We use our own and third-party cookies to optimize your experience on this site, including to maintain user sessions. Without these cookies our site will not function well. If you continue browsing our site we take that to mean that you understand and accept how we use the cookies. If you wish to decline our cookies we will redirect you to Google.


And The Corporate Response


KFC Initiative On Single-Use Plastic in Macau and Hong Kong

KFC outlets in Hong Kong and Macau will stop automatically giving out plastic straws and lids for customers eating in the store, but will provide them if asked. They will also be added to takeaways and select items. KFC made the decision following a trial in which most customers were happy not to have a plastic straw or lid. Greenpeace has acknowledged the move but added that plastic straws and lids are just a fraction of the plastic disposables used by the chain. The environmental group estimates that KFC uses some 42 million plastic disposable items each year, but even this is less than some local chains, according to Greenpeace.[Image Credit: © Christopher on pexels.com]


Aramark Makes Inroads To Eliminating Single-Use Plastic In Its Operations

Customer service business, Aramark, which operates in the food and facilities management sectors, announced a commitment to reducing significantly single-use disposable plastics globally by 2022. To date, it has eliminated over 400,000 plastic straws from locations in the UK, with another 418,000 planned in Ireland by the end of the year. It has also replaced with a compostable substitute some five million plastic-lined coffee cups and soup containers. It is now setting its sights on other single-use plastics items, including bags and cutlery.[Image Credit: © Aramark]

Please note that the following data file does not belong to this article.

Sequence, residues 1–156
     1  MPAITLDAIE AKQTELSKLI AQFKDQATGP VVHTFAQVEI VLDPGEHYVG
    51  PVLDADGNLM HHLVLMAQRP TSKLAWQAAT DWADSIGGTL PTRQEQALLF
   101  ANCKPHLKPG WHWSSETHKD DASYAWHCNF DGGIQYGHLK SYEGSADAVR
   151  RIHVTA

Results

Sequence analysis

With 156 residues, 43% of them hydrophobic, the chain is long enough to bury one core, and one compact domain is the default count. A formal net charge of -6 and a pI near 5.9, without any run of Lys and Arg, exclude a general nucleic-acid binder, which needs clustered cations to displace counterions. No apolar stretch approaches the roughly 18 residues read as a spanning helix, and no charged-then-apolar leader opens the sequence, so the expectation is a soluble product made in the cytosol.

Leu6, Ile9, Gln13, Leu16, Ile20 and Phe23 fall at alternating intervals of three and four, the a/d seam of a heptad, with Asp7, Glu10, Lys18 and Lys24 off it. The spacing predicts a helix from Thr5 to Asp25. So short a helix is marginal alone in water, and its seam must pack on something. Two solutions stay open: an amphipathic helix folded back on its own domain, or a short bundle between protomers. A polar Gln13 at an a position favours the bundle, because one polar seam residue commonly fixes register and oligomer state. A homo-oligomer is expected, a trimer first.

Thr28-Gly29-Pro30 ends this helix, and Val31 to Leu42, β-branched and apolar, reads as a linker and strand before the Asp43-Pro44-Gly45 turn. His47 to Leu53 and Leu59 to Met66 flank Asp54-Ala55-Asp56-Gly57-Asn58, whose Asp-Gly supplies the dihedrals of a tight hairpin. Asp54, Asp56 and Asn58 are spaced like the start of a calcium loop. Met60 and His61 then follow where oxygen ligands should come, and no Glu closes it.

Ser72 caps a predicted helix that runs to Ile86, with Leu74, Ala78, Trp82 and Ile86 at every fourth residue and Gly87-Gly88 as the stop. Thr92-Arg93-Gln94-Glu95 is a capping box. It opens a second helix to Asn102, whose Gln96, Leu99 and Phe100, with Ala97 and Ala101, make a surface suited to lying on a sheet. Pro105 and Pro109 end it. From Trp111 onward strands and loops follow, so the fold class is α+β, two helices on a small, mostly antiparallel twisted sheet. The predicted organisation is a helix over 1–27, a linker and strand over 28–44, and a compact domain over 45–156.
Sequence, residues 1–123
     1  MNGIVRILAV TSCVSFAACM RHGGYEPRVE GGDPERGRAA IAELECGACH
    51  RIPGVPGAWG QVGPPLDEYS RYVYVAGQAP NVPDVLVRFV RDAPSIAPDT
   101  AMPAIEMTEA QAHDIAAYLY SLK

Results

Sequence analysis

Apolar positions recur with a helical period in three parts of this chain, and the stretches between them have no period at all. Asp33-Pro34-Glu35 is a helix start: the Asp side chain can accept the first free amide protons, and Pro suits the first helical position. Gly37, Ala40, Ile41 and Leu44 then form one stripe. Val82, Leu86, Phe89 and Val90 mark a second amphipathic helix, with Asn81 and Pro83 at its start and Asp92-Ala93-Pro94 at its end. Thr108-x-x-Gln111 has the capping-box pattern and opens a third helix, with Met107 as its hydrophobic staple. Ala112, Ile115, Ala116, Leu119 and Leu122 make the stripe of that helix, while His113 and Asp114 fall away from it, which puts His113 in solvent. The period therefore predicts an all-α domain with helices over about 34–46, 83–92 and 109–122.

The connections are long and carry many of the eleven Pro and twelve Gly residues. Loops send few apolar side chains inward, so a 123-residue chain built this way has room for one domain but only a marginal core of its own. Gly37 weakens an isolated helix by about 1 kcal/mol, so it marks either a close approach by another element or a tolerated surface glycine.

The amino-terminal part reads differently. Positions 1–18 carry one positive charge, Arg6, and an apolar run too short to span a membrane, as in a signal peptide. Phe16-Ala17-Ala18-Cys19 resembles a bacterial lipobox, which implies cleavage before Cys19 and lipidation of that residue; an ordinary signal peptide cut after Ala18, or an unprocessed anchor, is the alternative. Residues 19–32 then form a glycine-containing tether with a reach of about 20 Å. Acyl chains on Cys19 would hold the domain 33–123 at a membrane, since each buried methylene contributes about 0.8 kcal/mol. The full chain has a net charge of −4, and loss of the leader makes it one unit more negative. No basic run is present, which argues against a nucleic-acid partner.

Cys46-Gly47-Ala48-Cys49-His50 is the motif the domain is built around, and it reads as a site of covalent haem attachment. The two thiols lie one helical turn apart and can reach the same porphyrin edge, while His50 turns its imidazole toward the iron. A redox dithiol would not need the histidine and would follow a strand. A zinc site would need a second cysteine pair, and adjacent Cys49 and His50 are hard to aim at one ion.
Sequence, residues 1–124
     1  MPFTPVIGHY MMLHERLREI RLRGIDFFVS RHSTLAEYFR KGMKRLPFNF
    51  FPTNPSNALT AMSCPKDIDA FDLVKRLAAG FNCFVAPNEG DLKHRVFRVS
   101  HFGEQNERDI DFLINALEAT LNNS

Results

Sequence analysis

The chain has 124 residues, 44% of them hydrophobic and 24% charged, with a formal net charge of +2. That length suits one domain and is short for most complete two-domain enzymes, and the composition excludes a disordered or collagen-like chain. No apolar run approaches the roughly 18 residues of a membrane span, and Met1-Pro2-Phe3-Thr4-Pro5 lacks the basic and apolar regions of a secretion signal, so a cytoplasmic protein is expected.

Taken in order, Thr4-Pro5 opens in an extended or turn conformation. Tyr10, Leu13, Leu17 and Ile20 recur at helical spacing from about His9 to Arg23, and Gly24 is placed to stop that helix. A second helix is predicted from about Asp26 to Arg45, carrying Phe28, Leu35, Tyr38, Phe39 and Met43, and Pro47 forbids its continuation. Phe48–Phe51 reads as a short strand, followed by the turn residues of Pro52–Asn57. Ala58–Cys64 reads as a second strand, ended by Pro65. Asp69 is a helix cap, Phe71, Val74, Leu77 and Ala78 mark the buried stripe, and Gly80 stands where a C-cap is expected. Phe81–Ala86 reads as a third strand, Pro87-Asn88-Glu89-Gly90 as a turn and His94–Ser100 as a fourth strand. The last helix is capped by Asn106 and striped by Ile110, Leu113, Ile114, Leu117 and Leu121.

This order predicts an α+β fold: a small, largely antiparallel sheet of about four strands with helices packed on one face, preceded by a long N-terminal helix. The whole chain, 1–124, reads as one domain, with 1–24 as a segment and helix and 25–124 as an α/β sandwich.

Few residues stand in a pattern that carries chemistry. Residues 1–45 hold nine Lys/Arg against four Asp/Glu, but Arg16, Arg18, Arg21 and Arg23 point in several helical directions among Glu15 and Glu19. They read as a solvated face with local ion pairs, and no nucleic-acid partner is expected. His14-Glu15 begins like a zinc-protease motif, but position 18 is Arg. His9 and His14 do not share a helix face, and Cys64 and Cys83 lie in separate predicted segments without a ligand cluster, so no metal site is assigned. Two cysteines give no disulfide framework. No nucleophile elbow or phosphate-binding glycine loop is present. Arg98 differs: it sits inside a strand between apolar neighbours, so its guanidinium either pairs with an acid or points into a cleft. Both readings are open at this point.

Indian Collaborators Achieve Large Savings Manufacturing Hand Bags With Paper Waste And Pulp

India's Khadi And Village Industries Commission (KVIC) And Kumarappa Handmade Paper Institute (KNHI) are collaborating to manufacture paper carry bags by mixing plastic waste with paper pulp. KVIC chairman Vinai Kumar Saxena claims the unique manufacturing process has resulted in a 34 percent reduction in the cost of producing handmade paper, from 100,000 rupees per metric ton using white cotton rags to 66,000 rupees per metric ton using mixed paper pulp and polythene waste. KVIC expects the new initiative, which was renamed REPLAN, will help KNHI grow as well as increase its profits.[Image Credit: © Khadi & Village Industries Commission, Government of India]


Some People Are Seeing Single-Use Plastic Reduction As An Opportunity

With estimates suggesting that each minute some million plastic bottles are purchased globally and a truckload of plastic enters our oceans, there remains a long way to go in addressing the problem of plastic waste. Governments and companies are accelerating programs to reduce single-use plastic, but work is also going on to find substitutes. New solutions are emerging, such as bio-plastics and edible plastic, as well bamboo toothbrushes and straws made of pasta. Some entrepreneurs are viewing the challenge as more of an opportunity. Houston’s Plum Vegan Catering offers a zero-waste catering service. And investors are getting on board too. Final Straw, which makes foldable steel straws, raised $1.8 million via Kickstarter.[Image Credit: © FinalStraw]

McKinsey Encourages Chemical Industry To Cut Plastics Pollution Via New Recycling Business